A visitor to Gandhinagar, capital of the Indian state of Gujarat, is likely to notice the glint of the sun reflecting off solar panels on the city’s rooftops. Some sit atop schools, other on hospitals. Many are perched on residential buildings. Altogether, the panels generate about 5 MW of electricity, providing better access to power for an estimated 10,000 people.
The groundbreaking project, a pilot public-private partnership (PPP), attracted approximately $12 million in private financing. Besides adding power generation capacity, it reduces climate emissions by more than seven million metric tons of greenhouse gas emissions annually and complements the 270 MW Gujarat Solar Park, Asia’s largest, in helping the state reach its goal of producing 500 MW annually from renewable sources.
But the greatest success of Gujarat’s solar rooftop program, playfully referred to as “rent-a-roof project,” lies in its replicability. Launched in 2010 with the help of the IFC, which served as transaction advisor, the project paved the way for a wider rollout of solar rooftop initiatives by working through technical, legislative, and financial issues. Two private firms, Azure Power and SunEdison, each won 25-year concessions to install solar photovoltaic panels on the rooftops of public buildings and private residences and connect them to the grid.
How the “Rent-A-Roof” Concept Works
Gujarat, a state of 80 million in western India, enjoys about 300 sunny days a year. To harness this energy, private solar companies selected through a competitive bidding process lease rooftop space from government buildings and private residents, who receive Rs 3 ($0.05) per unit produced. The operators are responsible for installing the panels and connecting them to the grid. They in turn receive a feed-in-tariff of Rs 11.21 ($0.18) under a 25-year concession.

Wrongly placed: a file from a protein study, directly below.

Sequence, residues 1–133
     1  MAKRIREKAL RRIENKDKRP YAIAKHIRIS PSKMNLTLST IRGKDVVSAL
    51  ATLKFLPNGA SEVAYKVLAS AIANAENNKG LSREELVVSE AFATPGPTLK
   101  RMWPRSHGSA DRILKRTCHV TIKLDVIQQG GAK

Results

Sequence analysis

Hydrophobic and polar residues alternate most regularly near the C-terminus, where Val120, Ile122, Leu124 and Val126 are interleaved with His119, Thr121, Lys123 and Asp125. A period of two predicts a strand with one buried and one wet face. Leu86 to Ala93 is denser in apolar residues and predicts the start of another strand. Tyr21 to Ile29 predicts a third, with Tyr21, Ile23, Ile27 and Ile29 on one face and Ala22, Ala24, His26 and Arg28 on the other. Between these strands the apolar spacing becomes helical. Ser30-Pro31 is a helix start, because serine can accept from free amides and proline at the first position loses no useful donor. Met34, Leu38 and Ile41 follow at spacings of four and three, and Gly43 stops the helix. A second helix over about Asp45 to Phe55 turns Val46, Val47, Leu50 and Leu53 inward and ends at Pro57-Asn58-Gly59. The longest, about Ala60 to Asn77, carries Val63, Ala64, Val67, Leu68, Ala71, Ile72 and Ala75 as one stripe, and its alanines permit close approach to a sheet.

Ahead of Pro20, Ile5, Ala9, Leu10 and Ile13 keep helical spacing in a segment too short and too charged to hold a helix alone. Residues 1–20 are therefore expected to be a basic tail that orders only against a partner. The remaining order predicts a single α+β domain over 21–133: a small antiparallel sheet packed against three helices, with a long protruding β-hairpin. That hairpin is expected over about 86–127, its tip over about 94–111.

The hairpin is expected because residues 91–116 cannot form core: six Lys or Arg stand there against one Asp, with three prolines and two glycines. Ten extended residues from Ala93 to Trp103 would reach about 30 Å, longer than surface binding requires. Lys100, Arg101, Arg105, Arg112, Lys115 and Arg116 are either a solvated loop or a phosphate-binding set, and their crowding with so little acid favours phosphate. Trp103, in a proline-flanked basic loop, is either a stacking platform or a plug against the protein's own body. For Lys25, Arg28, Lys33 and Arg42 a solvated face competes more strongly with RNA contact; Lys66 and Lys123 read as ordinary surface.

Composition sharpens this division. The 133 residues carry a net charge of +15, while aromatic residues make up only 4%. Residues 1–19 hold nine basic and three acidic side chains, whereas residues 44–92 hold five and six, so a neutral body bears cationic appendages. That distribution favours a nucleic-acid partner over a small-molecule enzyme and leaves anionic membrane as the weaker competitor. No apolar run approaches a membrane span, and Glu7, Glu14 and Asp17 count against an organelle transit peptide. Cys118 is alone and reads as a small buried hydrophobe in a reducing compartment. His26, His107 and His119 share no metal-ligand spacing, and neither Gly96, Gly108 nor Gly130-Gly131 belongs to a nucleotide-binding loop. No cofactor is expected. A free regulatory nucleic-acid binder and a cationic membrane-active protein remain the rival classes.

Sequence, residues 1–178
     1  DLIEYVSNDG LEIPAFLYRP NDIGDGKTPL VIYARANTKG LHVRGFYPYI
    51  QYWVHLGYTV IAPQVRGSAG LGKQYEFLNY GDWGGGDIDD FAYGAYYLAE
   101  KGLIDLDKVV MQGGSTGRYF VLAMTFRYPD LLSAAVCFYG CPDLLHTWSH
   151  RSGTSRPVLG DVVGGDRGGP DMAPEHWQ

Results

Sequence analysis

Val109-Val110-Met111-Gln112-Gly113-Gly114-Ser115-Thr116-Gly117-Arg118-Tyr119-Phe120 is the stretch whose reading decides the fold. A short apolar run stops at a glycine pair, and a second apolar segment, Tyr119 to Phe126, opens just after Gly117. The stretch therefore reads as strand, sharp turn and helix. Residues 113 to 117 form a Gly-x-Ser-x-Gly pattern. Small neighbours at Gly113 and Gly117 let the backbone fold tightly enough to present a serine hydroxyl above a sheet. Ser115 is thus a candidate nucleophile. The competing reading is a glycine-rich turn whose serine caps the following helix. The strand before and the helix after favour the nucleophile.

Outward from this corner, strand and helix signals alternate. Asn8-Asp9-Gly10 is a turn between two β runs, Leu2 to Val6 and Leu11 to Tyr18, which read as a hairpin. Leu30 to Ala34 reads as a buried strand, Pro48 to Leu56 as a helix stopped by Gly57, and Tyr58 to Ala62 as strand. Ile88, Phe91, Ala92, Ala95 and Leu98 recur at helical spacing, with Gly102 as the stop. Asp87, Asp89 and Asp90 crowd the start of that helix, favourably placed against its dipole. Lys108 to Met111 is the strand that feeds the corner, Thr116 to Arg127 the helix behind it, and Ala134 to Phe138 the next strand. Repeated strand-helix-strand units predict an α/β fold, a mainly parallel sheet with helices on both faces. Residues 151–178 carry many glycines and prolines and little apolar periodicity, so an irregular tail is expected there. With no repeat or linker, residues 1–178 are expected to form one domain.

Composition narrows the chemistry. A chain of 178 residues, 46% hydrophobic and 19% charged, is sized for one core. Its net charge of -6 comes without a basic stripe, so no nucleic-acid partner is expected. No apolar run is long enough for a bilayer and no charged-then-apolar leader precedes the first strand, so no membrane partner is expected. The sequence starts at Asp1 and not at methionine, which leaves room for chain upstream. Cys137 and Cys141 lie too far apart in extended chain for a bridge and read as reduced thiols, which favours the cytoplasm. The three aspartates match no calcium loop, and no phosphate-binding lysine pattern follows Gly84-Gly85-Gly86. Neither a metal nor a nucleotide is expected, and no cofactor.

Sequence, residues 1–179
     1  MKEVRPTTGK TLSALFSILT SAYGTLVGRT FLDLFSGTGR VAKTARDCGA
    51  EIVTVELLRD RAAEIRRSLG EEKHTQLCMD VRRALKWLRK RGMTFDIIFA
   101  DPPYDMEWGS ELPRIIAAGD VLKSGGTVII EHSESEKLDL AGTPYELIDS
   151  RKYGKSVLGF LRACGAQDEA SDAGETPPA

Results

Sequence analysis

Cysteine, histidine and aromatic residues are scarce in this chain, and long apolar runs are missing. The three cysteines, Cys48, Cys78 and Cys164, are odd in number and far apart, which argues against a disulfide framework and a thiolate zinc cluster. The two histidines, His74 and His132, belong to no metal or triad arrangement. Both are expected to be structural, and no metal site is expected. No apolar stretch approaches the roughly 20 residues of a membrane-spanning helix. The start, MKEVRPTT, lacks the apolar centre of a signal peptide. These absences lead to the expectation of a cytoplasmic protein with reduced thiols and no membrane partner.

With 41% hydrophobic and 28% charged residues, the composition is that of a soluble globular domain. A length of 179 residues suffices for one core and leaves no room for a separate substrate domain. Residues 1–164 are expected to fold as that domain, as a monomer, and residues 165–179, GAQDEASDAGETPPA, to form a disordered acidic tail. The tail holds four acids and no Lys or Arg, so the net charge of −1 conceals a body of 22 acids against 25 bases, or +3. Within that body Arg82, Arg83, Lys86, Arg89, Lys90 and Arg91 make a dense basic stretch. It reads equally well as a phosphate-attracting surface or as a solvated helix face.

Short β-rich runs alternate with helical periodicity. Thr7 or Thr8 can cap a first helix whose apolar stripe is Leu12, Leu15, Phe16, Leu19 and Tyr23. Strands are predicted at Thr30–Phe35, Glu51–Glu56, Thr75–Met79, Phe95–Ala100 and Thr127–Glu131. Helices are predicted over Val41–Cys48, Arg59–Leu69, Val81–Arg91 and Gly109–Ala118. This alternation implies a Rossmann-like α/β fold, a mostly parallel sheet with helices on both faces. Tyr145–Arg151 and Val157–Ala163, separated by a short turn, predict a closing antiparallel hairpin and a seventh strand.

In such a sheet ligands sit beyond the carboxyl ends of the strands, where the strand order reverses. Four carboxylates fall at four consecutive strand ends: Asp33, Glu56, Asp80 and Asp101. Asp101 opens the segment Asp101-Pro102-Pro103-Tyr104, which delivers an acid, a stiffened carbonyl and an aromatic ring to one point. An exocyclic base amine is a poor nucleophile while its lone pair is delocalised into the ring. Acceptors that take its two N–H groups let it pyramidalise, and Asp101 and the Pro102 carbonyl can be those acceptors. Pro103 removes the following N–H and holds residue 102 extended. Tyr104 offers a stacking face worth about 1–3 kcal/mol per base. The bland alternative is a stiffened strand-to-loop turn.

The concept sounds simple. But to make it work, numerous technical issues had to be addressed, including connectivity issues, selecting the solar panel system (e.g. concentrated solar power vs. photovoltaic solar panels), and resolving connectivity issues. The optimal terms of the lease and power purchase agreements also had to be determined in light of existing regulations and business conditions.
But most important was the unambiguous vision for solar power articulated by the state government of Gujarat. As early as 2009, it became the first state in India to announce a solar policy, which included ambitious solar power generation goals and plans to develop its capital as a “solar city.” Gujarat has made significant progress towards its goals. In June 2014, The Times of India reported that Gujarat was already producing 891 MW of solar power and had plans to increase solar capacity by an additional 500 MW in the next three years.
Replication in Vadodara and Beyond
Vadodara, a city of two million, became the second municipality in Gujarat to adopt the solar rooftop concept. In June 2014, Madhav Solar Private Limited won a 25-year concession for a 5 MW solar rooftop PPP based on the one in Gandhinagar. It is expected to attract $8 million in private investment, provide 9,000 people with better access to power, and reduce greenhouse gas emissions by 6,000 metric tons.
The Vadodara project clearly benefited from the lessons of Gandhinagar’s solar rooftop PPP experience. Many of the obstacles faced in the pilot project had already been addressed and resolved. The results were proven. Consequently, the Vadodara PPP took less time to implement.
Buoyed by two important successes, IFC is helping four other cities in Gujarat – Bhavnagar, Mehsana, Rajkot, and Surat – with rooftop solar PPPs of their own. It is also drawing on its experience to improve the policy framework to encourage replication of the concept.
The solar rooftop concept has excellent prospects for becoming established throughout India. Cities outside of Gujarat have taken notice; even Delhi is eyeing the model. And Gujarat itself is providing a helping hand to other Indian states: the Gujarat Energy Research and Management Institute (GERMI) will support to the government of Odisha with its own rooftop solar initiatives. Before long, the site of solar panels on Indian rooftops may become so common that visitors stop noticing them.